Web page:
MILLENNIAL CURVE: A TORQUED ELLIPSE OR THREE
Not dead weight but live load: the hernia
of history ruptures any calm we carry
to the edge of the horizon. Dead calm.
Lacking owls’ easy spin, our necks wrench
in backward glance—springs shot from age, cricks
grinding, pocking the periphery. Dead springs.
Is it dawn, noon or crepuscule? Every
flashlight speculates when the power fails
us, and in our urge to round off numbers
we make this deadline slow and sticky: one
one-thousand, two one-thousand, ready or
not, here we’re from. Such the dutiful spouse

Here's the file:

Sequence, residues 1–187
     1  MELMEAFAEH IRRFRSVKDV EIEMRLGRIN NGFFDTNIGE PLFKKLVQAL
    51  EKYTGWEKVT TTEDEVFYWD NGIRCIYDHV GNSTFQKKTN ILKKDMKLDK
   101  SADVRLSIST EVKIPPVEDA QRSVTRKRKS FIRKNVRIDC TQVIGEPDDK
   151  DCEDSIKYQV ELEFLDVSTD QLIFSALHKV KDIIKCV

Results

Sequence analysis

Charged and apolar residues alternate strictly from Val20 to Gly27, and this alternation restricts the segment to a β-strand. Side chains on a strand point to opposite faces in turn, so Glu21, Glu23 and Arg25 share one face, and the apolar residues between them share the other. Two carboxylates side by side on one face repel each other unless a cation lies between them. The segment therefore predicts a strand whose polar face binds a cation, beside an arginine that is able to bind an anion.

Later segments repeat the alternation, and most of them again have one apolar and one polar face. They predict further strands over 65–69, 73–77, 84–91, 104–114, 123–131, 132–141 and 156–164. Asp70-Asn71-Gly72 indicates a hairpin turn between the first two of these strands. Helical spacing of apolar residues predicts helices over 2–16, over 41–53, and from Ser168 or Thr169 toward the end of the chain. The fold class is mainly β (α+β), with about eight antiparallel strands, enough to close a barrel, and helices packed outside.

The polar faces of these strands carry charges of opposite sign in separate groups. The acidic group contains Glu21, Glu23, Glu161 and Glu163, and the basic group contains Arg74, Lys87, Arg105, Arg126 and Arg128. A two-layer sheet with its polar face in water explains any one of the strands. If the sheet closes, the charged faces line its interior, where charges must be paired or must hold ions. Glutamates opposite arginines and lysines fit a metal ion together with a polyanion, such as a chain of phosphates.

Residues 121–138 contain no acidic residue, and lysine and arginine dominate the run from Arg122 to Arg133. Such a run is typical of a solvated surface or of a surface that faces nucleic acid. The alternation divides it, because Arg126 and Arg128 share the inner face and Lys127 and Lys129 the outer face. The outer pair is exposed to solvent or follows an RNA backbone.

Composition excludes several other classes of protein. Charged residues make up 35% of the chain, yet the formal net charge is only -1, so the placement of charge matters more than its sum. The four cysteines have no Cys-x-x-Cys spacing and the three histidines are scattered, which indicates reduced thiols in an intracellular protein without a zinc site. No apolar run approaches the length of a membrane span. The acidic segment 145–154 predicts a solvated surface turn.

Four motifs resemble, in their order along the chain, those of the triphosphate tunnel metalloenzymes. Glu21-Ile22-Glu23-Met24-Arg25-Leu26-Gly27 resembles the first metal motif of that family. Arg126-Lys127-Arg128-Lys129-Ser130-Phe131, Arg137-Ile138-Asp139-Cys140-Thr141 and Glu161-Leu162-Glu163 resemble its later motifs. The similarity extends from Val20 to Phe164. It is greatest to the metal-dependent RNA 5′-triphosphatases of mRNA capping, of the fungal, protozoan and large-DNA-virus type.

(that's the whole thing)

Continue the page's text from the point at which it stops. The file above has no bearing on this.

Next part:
to excitable earth, sued for abuse,
trying to save it like always with sex
or the opposite of sex, a balling
Malthus of action and restraint. Take steps back.
Carry a seascape in your head to sooth
a teething baby. Let lions sleep a hundred
days without a single spoiling fly. Swallow
diamond pills to vanquish limp from your gaze,
turn the page on tragic with an umbrella
liability policy and a fine-arts
floater. Here’s where things get necessary
heavy: torqued Cor-Ten steel collapses
notions of what’s hard, soft and true . . . how
rust embroiders our assembly line of days
by stitching hurt to love . . . raw beauty plainly
cooked by cycling sun and rain, salt and cloud.
In morning’s middle distance, the tumor
of front-page news begins to shrink and sky
comes clean, all silky and albescent . . .